In the aftermath of Rory’s death and subsequent erasure from time, the Doctor takes Amy to the Musée D’Orsay and the Vincent van Gogh exhibit. On inspection of the painting, The Church at Auvers, the Doctor spots a face in one of the windows – the face of a creature the Doctor believes to be evil. He and Amy travel back to 1890 to meet Vincent and investigate.
I know for a fact that this is a friend’s favourite episodes of Doctor Who – you know who you are!
Richard Curtis is probably someone that I never expected to write an episode of Doctor Who. I can’t remember what my reaction was when the list of writers was announced in series 5, but I probably expected something light-hearted with quite a lot of pithy one-liners, with Hugh Grant making a cameo appearance. This story focuses on Vincent van Gogh and his struggles with mental health, which Curtis deals with suitably sensibly. The show has addressed the issue of mental health in Series 12, but I feel that Vincent and the Doctor has a longevity that Can You Hear Me? may struggle to challenge.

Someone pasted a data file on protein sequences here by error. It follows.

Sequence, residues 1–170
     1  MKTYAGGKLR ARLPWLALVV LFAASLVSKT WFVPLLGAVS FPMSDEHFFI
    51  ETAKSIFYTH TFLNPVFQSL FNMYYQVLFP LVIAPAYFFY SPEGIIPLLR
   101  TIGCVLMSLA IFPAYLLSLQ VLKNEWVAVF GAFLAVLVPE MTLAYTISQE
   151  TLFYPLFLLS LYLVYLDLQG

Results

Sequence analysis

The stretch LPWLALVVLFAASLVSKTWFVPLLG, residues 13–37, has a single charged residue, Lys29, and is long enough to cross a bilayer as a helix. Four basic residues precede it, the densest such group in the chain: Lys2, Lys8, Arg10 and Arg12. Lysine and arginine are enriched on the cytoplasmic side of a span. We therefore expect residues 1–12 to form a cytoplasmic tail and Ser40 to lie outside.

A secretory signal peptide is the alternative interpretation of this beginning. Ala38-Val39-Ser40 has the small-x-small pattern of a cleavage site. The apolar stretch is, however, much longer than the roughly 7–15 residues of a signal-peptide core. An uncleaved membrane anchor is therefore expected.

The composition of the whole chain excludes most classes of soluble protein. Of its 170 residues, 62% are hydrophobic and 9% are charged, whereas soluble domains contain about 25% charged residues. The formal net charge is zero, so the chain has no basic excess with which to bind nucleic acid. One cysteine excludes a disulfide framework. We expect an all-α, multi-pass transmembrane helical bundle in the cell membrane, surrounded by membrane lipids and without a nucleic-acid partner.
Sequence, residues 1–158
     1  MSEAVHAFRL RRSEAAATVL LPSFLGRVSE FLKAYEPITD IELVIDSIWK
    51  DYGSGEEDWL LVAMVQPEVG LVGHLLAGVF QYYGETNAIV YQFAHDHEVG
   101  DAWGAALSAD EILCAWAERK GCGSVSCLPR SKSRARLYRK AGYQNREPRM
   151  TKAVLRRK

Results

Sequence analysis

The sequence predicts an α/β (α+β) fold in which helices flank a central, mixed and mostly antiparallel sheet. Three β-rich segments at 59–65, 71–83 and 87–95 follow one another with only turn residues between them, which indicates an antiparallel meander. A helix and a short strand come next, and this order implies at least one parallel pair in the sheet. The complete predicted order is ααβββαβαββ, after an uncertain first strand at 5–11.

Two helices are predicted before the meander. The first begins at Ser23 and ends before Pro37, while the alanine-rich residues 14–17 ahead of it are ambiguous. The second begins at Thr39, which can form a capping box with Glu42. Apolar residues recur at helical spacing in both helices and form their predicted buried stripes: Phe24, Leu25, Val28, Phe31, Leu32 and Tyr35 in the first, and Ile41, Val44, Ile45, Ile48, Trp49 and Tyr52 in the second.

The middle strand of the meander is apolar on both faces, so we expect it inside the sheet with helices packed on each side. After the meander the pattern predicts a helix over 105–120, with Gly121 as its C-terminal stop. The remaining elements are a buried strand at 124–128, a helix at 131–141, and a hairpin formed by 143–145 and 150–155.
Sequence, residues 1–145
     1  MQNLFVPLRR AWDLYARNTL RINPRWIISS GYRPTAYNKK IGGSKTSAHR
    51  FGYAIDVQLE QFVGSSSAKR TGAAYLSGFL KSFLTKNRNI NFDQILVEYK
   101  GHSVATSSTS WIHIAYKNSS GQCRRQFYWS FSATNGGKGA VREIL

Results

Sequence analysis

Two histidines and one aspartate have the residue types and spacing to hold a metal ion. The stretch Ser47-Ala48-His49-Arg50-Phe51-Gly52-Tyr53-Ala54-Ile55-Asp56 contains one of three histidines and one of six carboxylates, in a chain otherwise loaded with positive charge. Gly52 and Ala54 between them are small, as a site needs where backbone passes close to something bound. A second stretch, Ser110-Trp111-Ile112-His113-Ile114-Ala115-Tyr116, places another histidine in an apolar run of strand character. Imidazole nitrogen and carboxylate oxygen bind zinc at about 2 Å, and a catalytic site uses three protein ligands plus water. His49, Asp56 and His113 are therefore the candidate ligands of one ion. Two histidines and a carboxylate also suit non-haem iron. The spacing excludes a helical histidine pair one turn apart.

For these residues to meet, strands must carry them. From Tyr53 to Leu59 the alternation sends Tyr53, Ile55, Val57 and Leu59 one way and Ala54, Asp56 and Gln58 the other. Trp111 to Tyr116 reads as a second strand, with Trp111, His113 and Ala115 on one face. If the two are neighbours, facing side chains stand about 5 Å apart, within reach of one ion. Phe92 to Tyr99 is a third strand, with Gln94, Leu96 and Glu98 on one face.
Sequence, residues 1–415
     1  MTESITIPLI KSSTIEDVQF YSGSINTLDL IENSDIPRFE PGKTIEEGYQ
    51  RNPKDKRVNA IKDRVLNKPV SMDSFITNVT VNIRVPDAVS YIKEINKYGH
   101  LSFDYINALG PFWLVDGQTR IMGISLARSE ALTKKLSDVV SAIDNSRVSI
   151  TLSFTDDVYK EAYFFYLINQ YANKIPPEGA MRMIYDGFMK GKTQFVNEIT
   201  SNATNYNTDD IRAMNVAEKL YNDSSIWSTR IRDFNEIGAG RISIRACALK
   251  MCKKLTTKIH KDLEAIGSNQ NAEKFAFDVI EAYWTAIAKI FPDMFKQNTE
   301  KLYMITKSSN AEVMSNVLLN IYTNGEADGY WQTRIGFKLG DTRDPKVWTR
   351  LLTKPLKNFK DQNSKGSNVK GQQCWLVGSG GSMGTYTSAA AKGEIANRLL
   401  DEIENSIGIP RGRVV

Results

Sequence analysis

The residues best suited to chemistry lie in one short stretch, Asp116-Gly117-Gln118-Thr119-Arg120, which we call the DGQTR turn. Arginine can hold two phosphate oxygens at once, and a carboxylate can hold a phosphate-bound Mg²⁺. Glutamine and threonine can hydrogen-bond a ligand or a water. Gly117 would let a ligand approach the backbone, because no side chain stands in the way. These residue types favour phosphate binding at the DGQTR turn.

I just wondered, between you and me – in a hundred words – where do you think van Gogh rates in the history of art?
Well…big question, but to me, van Gogh is the finest painter of them all; certainly the most popular great painter of all time. THe most beloved; his command of colour; the most magnificent. He transformed the pain of his tormented life into ecstatic beauty. Pain is easy to portray, but to use your passion and pain to portray the ecstasy and joy and magnificence of our world…no one had ever done it before. Perhaps no one ever will again. To my mind that strange wild man who roamed the fields of Provence was not only the world’s greatest artist, but also one of the greatest men who ever lived.The Eleventh Doctor and Dr. Black